Research Infrastructure


At present, the Institute has a network of observatories and observation points, structured in profiles and geodynamics polygons, all having as a main purpose a better knowledge of phenomena leading to stress cumulating/earthquake triggering in geodynamically active areas, with a special concern for the geodynamically active area of the Romanian Carpathians bend – the Vrancea seismogenic zone. The network is concentrated in three geodynamics polygons: the Caldarusani-Tulnici Geodynamics Polygon, the Craciunesti-Deva, Sarmizegetusa Regia, Pades-Gorj Geodynamics Polygon and the Danube Delta – Mangalia Geodynamics Polygon.


Fig. 1 Astro-geodynamic polygons from Romania

Among these polygons, a special place is occupied by the Caldarusani-Tulnici Geodynamics Polygon which includes – besides the laboratories for equipment gauging and aging, arranged in the framework of the Caldarusani Geodynamics Observatory (Fig. 2) in the basement of the group of buildings that constitute the headquarters of the IG”SSS”AR, and in the basement of the headquarters of the Romanian Academy – several micropolygons consisting of over 200 observation points, that allow the performing of repeated measurements, usually at 6 months up to 5 years intervals, and of underground laboratories, which allow data acquisition – within the limits of the possible, without interruption – corresponding to variations in the crust tilt and in the gravity, the magnetic and the electric fields in Vrancea area. In the same area is included the Provita de Sus Electromagnetic Observatory. Among these micropolygons, the most important one – the Micropolygon I Tulnici – is situated in the Vrancea geodynamically active area on both sides of the contact on which the hypocenters of the Vrance seismogenic area are situated, to a depth that may exceptionally exceed 180 km.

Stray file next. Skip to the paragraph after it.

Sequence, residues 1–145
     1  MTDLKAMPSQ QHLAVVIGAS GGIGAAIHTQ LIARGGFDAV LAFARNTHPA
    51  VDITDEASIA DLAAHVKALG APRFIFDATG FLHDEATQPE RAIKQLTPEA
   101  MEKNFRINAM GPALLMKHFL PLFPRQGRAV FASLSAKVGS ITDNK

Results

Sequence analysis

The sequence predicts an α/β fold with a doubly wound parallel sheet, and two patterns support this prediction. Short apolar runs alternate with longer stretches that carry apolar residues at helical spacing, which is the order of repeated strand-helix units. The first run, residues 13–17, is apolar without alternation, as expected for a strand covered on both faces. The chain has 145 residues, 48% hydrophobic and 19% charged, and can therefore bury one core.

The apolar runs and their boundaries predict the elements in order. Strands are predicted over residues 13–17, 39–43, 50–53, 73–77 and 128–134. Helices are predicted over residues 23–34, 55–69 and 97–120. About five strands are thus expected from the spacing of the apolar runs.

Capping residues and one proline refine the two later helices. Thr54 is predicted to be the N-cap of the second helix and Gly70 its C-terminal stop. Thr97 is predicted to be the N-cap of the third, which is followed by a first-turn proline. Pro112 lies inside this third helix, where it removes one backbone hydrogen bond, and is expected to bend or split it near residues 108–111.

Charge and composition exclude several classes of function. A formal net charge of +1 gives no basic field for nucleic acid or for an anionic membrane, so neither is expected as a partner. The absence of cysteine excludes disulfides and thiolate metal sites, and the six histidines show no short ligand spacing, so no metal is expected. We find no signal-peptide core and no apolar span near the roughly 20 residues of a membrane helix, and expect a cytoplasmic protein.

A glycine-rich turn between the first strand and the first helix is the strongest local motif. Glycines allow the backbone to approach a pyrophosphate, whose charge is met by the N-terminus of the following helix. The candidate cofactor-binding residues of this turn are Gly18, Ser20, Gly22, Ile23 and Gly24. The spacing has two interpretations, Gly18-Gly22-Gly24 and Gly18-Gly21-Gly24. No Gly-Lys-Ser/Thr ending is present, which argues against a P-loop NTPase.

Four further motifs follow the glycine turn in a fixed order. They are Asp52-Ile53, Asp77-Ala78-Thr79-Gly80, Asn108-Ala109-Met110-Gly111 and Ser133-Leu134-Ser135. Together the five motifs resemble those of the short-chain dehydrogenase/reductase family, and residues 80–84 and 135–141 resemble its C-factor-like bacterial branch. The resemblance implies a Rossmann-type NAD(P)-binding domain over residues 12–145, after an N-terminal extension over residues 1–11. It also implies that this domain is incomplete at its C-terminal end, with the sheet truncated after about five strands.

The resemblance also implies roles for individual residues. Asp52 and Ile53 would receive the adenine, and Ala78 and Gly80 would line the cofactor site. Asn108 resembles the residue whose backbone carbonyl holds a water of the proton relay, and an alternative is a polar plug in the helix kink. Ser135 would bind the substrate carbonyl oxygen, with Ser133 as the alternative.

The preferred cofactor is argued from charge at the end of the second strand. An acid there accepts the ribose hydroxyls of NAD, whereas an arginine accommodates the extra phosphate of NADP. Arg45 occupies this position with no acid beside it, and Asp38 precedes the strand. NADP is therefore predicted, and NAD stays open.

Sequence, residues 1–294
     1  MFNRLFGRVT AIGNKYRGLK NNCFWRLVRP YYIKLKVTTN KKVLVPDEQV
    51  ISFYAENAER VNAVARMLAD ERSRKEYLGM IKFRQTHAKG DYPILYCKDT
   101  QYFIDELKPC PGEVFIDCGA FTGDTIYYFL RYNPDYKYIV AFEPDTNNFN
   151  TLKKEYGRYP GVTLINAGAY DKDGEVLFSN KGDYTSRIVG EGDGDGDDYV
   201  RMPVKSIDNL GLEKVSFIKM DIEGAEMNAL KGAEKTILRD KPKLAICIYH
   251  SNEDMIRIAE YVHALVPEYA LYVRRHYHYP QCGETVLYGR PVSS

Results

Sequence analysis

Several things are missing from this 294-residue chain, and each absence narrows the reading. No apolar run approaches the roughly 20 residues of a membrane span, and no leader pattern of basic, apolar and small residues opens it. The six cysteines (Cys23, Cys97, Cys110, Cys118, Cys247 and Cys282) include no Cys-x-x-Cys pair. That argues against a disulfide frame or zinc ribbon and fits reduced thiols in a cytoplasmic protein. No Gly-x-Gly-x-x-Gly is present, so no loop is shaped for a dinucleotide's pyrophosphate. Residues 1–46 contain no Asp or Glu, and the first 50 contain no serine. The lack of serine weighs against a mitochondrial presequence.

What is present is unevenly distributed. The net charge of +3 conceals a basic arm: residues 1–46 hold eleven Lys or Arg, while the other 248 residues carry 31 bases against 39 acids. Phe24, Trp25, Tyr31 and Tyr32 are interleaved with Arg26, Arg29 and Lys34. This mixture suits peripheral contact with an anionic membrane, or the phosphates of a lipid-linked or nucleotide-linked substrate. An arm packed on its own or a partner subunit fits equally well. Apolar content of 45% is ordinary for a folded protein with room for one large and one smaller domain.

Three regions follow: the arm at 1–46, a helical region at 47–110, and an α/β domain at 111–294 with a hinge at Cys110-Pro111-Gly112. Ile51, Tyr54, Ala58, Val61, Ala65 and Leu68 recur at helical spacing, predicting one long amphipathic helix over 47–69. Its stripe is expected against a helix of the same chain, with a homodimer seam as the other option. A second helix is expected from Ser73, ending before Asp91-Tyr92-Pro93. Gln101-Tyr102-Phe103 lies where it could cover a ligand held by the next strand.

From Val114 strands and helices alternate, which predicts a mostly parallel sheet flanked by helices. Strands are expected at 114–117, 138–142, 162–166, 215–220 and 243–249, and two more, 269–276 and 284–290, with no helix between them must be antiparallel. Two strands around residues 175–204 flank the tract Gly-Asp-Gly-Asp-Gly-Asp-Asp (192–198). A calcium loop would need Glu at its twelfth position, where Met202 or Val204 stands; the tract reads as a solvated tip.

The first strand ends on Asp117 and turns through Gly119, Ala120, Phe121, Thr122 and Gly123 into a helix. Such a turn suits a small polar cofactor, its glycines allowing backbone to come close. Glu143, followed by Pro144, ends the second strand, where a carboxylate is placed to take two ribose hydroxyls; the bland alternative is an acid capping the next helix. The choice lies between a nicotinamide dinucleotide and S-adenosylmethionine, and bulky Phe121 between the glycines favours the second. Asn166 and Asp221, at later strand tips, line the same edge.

Fig. 2. Caldarusani -Tulnici Geodynamics Polygon


Fig. 3. The location of the Vrancea Natural Laboratory for Geodynamics


Fig. 4. The Mycropolygon I – Tulnici

We underline the fact that at present, the Caldarusani Geodynamics Observatory is functioning in the building where recordings were carried out on the occasion of the total solar eclipse in February 1961 and that the co-operation established in 1961 between the Caldarusani Monastery – the Romanian Orthodox Church and the Caldarusani Geodynamics Observatory (the Geophysical Research Centre) – the Romanian Academy, was officially celebrated in 2001, at the anniversary of four decades of existence of the first and up to now the only co-operation established between one of the orthodox churches – the Romanian Orthodox Church – and science – the Romanian Academy.